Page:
The OSHA General Industry Training Requirements

The OSHA General Industry Training requirements specify that employers must train their employees in any relevant health and safety aspects of their job. Depending on the nature of the job in question, the training could vary massively from simple safety briefings or communicating ground rules to requiring specific qualifications. In fields where there are ‘dangerous’ assignments, the OSHA requires that those job assignments be limited to employees that are certified as being competent �” which may mean having a paper qualification, previous training, or a certification.

The rules for health and safety vary from industry to industry, but there are some general industry rules that should be understood. Every workplace and every building that accepts members of the general public must be safe and have emergency plans for fires and for other potential risks. The OSHA requires that the workplace is kept as safe as possible, and puts the burden of providing that safety �” in the form of training, guidance and equipment, on the employer.

The OSHA policies are federal, but there are state-level regulations as well and these may differ from what the OSHA Federal regulations specify, so it is important that employers consult the state regulations to ensure that there are no differences.

If you run a business and you are unable to find general guidance for a specific activity, substance, tool or piece of machinery, then it is a good idea to consult the manufacturer’s documentation for guidance. If you cannot find such information then you should take some time to document potential risks and how you plan to mitigate them, and if possible get together a group of experts to develop safety guidelines for you.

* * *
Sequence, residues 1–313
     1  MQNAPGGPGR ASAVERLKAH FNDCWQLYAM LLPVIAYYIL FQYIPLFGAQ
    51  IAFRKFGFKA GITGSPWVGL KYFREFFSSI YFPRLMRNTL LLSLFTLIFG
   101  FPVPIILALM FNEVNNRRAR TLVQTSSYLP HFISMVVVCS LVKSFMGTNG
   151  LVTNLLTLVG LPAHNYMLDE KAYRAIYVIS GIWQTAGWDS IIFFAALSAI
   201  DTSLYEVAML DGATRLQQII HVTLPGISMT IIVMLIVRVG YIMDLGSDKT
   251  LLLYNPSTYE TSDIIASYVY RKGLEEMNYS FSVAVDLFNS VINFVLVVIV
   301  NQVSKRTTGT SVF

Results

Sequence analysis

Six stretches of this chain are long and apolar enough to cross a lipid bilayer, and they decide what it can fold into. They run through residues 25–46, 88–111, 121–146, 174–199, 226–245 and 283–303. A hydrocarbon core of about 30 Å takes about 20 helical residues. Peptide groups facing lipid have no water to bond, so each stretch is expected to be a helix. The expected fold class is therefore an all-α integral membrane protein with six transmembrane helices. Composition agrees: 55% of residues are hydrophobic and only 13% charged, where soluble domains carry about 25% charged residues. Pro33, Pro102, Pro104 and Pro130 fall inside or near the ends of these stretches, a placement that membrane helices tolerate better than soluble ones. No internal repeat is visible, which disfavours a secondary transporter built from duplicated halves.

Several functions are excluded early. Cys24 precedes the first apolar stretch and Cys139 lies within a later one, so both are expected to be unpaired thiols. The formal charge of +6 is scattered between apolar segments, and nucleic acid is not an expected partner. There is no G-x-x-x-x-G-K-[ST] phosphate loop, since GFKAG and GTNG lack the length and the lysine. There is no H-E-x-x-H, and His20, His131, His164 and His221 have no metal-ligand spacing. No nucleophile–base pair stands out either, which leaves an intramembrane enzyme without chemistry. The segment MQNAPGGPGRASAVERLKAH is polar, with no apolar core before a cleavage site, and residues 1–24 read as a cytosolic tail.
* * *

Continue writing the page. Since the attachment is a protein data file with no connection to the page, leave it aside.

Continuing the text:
Your safety guidelines should be kept up to date and regularly reviewed, and it is important that you send out reminders to your employees about general safety precautions. For example, you may feel that it is OK to say “Employees must always wear their personal protective equipment” as a part of the onboarding process. This is true. However, you should send out regular reminders. Have safety briefings a couple of times per year where issues such as PPE, site cleanliness, manual handling and the handling of dangerous substances are discussed.

Even if you feel that there is no real risk factor in your business, having a safety policy is important. Think, for example, of a store that is open late. A general store probably does not hold anything hazardous, but it is important that the store’s fire exits are kept unobstructed, and that there are no trip or fall hazards in the aisles. Employees should also be trained to keep the till locked unless they are making a transaction, and in what to do if there is an attempt to rob the store. You may also want to set a policy regarding employees leaving at the end of their shift, especially if you have young employees or there are females on your staff. While this is more of a goodwill thing, making sure that your employees are safe is always helpful.

The full OSHA rules are lengthy and contain hundreds of recommendations for everything from combined spaces to handling specific goods, respiratory protection, machinery, vehicles, working at a height, working with electricity, handling dangerous chemicals, working where there is a risk of bloodborne pathogens and more. There are also recommendations for injury and illness records, and for supporting workers who are recovering from a workplace injury. These rules exist to help protect employees and members of the public, and they are generally easy to implement.

If you have not got a training policy in place, it is important that you implement one as soon as possible. If an employee is injured on your work site and they were not given proper safety advice, then you could be liable for their injury. Some proactive accident and injury prevention work could make a huge difference to your employees wellbeing and also to their productivity and their morale. Don’t dismiss the OSHA as red tape – take the guidelines seriously, and look after your employees so that they can return the favor by doing good work for you.